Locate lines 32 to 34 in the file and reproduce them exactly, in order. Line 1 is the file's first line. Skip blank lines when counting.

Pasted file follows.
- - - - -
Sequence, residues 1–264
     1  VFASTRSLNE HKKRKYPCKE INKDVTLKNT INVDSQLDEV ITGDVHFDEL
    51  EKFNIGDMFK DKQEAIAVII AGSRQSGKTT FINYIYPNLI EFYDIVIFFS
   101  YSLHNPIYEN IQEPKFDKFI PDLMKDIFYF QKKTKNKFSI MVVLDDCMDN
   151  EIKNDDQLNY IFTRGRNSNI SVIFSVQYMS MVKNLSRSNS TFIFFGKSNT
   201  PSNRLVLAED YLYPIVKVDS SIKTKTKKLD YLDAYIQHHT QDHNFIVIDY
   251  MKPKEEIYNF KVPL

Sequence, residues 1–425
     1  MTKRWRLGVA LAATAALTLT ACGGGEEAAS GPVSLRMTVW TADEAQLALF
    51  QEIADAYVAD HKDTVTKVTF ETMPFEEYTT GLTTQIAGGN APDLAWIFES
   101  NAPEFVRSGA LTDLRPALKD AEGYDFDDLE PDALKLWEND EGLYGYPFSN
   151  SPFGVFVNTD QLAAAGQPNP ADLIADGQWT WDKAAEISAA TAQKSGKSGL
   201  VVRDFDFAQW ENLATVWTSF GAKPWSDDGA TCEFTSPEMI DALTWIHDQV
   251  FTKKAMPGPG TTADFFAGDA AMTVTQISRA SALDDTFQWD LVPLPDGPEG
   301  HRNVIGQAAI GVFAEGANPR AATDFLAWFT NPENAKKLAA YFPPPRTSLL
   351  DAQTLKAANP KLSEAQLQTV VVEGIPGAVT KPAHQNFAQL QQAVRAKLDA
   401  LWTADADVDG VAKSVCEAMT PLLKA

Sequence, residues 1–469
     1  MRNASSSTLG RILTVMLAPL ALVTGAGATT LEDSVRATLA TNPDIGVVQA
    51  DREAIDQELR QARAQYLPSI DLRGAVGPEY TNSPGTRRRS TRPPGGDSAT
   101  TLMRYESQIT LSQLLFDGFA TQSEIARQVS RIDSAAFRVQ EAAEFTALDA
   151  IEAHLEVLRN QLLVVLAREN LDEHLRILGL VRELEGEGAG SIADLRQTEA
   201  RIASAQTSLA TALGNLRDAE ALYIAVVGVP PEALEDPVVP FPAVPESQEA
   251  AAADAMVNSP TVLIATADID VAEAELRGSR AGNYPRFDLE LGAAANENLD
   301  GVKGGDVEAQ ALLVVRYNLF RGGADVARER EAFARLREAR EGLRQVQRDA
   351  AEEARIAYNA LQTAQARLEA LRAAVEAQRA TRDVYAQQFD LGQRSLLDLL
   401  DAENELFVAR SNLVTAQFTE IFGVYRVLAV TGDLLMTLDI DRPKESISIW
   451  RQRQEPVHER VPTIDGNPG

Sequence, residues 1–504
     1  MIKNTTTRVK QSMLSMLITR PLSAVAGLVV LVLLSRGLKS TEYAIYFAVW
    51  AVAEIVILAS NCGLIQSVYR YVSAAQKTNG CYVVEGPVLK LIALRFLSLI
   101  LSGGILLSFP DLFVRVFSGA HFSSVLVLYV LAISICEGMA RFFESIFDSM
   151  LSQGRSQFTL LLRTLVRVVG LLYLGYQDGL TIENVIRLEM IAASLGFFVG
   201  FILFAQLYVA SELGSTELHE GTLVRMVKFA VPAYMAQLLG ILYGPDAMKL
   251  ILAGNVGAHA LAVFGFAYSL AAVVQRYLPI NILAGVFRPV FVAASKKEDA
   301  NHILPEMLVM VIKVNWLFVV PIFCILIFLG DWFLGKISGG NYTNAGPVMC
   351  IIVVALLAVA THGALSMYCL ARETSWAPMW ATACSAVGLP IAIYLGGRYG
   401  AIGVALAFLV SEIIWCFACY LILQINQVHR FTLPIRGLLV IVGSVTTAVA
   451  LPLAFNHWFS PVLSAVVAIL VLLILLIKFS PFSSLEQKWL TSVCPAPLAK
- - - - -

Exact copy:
   101  LSGGILLSFP DLFVRVFSGA HFSSVLVLYV LAISICEGMA RFFESIFDSM
   151  LSQGRSQFTL LLRTLVRVVG LLYLGYQDGL TIENVIRLEM IAASLGFFVG
   201  FILFAQLYVA SELGSTELHE GTLVRMVKFA VPAYMAQLLG ILYGPDAMKL